From Michel Dion Sir: Princess Diana's death has given rise to a lot of speculation and will continue to do so. Stephen Glover's reckoning (Media studies, 25 October) is wrong at least on one point. I knew well James Andanson, who photographed me many times in both Ireland and Paris whenever I published a book or had a play on. Despite his English name, he was French and spoke no English at all. He did once own a Fiat Uno but sold it two years before the tragic accident in the Alma tunnel, and usually drove the BMW in which he committed suicide, by setting it on fire, two years after the Princess's death. At the time of the accident he was in the south of France, reporting for his agency. Any idea that he may have been involved in the drama is wrong. He was one of the straightest men I ever met in the disreputable profession of paparazzi, and, for that reason, was accepted in the most difficult circles.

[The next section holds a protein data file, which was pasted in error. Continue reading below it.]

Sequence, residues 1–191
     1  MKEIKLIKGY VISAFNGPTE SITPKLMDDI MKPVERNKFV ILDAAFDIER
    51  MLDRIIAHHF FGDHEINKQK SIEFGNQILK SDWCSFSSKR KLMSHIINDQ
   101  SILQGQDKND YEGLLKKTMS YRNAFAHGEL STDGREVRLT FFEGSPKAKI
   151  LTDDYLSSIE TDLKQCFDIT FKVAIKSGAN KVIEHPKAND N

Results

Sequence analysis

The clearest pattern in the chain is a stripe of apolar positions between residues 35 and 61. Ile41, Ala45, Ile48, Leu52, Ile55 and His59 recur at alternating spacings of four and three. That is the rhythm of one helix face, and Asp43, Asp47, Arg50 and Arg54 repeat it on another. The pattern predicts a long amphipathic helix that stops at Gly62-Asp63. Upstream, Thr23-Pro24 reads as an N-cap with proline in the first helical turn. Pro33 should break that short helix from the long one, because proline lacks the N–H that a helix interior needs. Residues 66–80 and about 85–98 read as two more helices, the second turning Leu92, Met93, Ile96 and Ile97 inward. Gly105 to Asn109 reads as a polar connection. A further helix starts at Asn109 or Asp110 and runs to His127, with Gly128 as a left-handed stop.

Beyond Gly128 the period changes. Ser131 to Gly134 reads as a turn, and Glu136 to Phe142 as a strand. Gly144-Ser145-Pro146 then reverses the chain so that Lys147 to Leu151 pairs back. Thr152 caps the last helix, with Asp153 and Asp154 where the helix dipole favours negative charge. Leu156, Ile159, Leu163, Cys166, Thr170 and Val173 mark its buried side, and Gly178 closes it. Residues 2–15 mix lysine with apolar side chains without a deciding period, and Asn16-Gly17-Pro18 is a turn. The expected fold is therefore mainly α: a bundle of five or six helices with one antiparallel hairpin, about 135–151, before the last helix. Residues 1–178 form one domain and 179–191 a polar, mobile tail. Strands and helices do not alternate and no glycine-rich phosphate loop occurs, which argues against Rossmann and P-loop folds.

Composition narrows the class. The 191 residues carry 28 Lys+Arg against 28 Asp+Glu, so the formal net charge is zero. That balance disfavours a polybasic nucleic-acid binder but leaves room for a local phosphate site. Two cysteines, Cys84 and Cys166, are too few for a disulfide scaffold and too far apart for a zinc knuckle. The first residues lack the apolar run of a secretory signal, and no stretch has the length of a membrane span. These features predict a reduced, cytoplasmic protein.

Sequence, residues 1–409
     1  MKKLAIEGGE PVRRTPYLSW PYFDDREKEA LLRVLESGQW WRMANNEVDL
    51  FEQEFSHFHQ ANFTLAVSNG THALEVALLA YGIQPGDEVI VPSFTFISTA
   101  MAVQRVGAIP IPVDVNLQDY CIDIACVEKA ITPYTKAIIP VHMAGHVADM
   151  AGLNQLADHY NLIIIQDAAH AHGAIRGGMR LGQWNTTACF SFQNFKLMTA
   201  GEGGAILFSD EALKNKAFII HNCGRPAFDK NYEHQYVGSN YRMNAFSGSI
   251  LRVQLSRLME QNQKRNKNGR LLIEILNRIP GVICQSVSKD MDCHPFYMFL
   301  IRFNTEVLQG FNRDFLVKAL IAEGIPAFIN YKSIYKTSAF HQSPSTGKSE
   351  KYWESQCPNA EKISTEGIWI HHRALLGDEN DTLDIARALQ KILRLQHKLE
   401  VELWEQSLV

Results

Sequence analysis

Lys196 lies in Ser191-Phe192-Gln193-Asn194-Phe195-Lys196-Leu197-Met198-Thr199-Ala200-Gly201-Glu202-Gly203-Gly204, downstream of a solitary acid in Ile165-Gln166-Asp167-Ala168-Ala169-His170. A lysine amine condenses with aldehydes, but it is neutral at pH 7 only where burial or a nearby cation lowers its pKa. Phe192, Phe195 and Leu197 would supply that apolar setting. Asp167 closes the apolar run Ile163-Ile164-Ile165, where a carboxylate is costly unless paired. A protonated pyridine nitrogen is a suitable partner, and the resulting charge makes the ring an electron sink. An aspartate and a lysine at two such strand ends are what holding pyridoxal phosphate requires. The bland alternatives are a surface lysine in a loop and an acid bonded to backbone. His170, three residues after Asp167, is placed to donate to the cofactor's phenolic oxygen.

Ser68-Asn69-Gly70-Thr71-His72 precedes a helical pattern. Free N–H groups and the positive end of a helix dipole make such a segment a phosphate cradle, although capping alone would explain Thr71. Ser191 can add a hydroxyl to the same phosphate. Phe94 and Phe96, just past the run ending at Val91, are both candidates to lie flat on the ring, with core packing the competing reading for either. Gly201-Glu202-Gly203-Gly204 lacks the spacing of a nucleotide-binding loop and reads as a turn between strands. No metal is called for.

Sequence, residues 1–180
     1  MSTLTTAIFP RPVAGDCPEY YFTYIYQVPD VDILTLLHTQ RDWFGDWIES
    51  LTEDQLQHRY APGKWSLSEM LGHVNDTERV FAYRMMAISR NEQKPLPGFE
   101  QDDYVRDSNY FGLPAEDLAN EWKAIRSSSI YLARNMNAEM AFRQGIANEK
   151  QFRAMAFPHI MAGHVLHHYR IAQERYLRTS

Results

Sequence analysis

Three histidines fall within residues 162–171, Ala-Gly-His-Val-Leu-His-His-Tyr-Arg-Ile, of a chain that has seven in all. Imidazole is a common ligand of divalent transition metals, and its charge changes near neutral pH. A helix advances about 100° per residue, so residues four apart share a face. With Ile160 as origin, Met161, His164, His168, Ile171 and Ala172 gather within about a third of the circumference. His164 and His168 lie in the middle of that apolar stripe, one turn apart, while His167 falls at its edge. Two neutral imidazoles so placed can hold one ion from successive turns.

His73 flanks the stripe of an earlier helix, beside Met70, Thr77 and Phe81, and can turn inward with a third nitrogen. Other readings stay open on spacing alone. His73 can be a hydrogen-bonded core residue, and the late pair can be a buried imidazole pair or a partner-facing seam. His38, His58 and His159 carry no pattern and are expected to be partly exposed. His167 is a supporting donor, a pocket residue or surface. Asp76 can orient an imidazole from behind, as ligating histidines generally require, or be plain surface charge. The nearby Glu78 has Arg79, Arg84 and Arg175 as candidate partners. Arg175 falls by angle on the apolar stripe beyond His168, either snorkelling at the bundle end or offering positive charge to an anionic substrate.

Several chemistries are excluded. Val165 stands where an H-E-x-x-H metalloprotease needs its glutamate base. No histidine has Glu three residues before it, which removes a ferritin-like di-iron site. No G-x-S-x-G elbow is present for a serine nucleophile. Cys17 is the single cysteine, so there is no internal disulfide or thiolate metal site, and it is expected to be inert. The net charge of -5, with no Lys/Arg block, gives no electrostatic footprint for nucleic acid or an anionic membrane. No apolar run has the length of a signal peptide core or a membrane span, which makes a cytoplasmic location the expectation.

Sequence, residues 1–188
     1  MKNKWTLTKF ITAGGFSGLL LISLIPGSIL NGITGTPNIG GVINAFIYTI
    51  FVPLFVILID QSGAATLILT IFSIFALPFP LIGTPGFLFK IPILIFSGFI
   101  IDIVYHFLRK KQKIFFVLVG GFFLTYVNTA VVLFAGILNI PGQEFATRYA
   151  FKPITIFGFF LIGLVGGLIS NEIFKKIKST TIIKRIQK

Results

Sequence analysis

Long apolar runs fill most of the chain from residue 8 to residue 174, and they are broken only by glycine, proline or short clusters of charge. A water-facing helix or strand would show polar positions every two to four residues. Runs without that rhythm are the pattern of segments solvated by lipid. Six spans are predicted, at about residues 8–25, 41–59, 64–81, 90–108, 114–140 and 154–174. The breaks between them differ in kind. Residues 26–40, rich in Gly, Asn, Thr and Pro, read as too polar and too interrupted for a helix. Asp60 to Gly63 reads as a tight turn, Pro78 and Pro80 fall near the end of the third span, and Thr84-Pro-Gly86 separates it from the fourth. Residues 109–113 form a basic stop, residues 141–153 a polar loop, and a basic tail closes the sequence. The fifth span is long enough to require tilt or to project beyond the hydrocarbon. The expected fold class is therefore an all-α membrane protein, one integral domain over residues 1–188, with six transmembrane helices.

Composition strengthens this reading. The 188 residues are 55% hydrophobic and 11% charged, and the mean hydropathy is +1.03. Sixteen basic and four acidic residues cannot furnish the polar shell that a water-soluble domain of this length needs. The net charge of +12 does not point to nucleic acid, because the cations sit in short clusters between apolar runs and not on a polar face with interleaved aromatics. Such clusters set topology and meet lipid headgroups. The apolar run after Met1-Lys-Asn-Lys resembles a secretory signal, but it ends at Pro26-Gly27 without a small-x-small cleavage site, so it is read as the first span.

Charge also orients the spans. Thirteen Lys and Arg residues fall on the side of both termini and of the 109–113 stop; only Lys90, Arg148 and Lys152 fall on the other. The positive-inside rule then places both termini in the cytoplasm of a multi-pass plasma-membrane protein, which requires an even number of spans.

As for the Princess's premonition of death, although it cannot be explained rationally, there are many such cases. One of the best-known is Stendhal's vision: 'It is not shameful to die in the street' Two years after that, in 1842, he died on the pavement in rue Neuve des Capucines in Paris.
Tynagh, Co. Galway, Ireland